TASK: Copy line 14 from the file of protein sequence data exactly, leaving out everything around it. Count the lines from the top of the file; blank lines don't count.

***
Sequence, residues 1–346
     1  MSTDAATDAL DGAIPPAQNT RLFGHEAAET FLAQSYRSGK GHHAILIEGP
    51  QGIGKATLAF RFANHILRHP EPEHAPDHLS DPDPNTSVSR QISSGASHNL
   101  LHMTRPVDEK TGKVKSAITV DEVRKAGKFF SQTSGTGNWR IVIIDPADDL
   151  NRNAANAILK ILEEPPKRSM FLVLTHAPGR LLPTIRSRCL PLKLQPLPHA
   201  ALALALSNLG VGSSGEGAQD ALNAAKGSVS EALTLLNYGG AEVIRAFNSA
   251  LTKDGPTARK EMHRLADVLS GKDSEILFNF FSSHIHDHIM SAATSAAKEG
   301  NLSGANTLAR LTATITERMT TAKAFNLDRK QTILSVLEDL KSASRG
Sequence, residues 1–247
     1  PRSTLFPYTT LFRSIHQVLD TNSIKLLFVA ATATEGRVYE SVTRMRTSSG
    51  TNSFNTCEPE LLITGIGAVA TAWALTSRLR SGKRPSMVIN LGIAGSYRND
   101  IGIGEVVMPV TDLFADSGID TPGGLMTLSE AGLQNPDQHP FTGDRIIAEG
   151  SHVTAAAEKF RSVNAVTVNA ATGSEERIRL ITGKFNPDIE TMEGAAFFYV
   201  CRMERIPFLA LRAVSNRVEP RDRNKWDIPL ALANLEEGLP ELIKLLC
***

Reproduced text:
   201  CRMERIPFLA LRAVSNRVEP RDRNKWDIPL ALANLEEGLP ELIKLLC